Fury Fur: Balls of Fury, Reviewed
And, of course, a chewy cowbell center.
We were prepared to be pretty content if it turned out that all the good bits had been revealed in the trailer. It was, after all, a really good trailer. As is frequently the case with such low expectations, they were exceeded.
As parody movies go, I'd place Balls of Fury (which the marquee and the ticket kiosk unfortunately abbreviated to Balls of Fur, to our 12-year-old amusement) much nearer the funnier-than-it-has-any-right-to-be Hot Shots than the so-appallingly-bad-there-is-no-excuse-for-the-continued-metabolism-of-anyone-connected-with-it Epic Movie. Much of the reason for that is attributable to the writers, director, and actors having some concept of how much is too much.
There are schticky sight gags, yes, but they're not every 90 seconds. There are absurd interruptions of Big Dramatic Moments, but there are also Big Dramatic Moments that are allowed to be absurd in and of themselves because everyone is taking them seriously. There's precious little gratuitous filth or gross-out humor (not that I have any objection to either, per se, but when 90 minutes of them is more than a bit much). And it even manages to be mildly daring in turning some of the tropes of the genre (both the "regular guy goes undercover on a deadly important mission" genre itself and parody as a genre) on their head. For example, the "pleasure courtesans" are all male doofuses, headed by the King Doofus Diedrich Bader, and he and the main character drink beer and play Boggle all night. But the most important element may be that it's a funny movie with an actual plot and it moves pretty briskly from point A to B and so on.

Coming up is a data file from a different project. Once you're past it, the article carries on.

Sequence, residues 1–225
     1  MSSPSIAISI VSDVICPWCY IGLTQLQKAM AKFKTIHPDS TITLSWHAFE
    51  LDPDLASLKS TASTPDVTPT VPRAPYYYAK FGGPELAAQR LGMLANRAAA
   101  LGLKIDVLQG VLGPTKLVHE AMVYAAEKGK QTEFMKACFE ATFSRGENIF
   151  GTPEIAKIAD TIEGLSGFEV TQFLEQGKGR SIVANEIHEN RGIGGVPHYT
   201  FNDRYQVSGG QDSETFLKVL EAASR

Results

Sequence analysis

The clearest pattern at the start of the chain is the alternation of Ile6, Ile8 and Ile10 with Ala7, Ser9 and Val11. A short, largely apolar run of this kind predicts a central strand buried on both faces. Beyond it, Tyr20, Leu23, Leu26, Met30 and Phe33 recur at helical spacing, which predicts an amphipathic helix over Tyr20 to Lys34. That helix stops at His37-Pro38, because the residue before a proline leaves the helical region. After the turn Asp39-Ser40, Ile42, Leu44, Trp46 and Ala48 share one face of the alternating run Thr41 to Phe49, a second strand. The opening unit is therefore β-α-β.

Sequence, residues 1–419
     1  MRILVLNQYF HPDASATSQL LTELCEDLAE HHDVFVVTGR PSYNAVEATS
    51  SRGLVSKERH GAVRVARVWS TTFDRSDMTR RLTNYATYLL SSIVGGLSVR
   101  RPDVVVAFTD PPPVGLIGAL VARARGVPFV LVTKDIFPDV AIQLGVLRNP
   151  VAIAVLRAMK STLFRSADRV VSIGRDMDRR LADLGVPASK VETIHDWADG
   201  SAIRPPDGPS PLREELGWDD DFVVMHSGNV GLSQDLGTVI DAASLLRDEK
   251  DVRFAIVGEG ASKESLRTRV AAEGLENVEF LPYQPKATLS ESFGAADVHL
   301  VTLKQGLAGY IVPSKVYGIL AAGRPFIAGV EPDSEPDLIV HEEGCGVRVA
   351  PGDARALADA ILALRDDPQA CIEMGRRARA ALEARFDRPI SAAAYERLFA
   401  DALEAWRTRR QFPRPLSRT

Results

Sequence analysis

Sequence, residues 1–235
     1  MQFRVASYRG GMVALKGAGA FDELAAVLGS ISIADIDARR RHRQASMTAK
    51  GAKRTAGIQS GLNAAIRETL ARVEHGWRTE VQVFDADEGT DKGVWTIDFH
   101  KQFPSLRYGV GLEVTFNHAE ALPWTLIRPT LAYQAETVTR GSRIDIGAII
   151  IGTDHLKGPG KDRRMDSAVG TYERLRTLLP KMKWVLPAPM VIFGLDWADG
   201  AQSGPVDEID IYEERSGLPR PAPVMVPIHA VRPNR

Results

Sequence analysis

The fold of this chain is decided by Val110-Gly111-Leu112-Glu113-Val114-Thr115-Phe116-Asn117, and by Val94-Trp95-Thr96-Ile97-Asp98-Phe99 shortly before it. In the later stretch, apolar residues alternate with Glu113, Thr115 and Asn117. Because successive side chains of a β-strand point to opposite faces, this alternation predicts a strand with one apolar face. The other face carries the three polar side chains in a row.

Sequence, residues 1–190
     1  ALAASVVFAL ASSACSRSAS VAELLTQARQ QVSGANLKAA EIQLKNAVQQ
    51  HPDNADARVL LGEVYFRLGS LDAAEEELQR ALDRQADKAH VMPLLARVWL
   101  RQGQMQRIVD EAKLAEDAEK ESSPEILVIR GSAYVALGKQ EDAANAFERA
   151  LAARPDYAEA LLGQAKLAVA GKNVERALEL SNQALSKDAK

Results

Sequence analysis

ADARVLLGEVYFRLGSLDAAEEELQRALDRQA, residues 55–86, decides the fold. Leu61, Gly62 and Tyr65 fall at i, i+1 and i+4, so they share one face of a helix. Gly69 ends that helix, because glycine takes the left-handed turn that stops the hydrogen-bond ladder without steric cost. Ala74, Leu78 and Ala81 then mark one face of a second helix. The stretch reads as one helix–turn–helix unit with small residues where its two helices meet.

The cast is, without exception, just right. I'm not even going to say anything about Walken. He's like a plate of hash brownies all on his own for giving the giggles. The wardrobe is hysterical, most of his dialogue is hysterical, and thus, he is pretty hysterical. As the ZK put it, there is a little too much dependence on his being inherently funny, but you can ride that pony a long way.
Maggie Q and George Lopez, both without a lot to work with, hit all the right notes as the love interest and the FBI agent who gets the main character into the mess, respectively. Thomas Lennon is almost unrecognizable as the German mega-opponent, and every time I think about him—especially when I also think about him being Dangle from Reno 911—I laugh and laugh and laugh. Also pegging the hilarity meter is the retroactive knowledge that the guy who gets chopsticks up his nose is, in fact, Jason Scott Lee (that would be funny to you, too, if I could find a picture of the character on linem, and it's funnier still if you lived through the live-action Jungle Book and Rapa Nui on a bus ride in Peru, but I suspect you're going to have to trust me on that).
James Hong can do no wrong whatsoever (seriously, are you going to fuck with Lo Pan? Didn't think so.), but I do wish that less of the burden of stereotype and the comparatively (within the confines of the genre) minor amounts of homophobia weren't directed his way. And Patton Oswalt? Good lord, did he make me laugh and laugh with about 12 words of dialogue. I just wish there'd been more of him. Although if there had been, I might have hurt myself internally.
But the best for last: Dan Folger where have you been all my life? What a great, low-key actor. Funny as hell without any of the spastic, smarmy, asshole mugging of so many of the "big" comic actors. And damn if he didn't pull off the genuine, suave, heart pitter-pattering Bond-like hero moments when he's being "such a dick" to keep Maggie from sacrificing herself for him.
And all this silly goodness is topped with Def Leppard and loving 80s homage. It's all very, very stupid, and I was laughing like Muttley for no good reason all the way through the credits.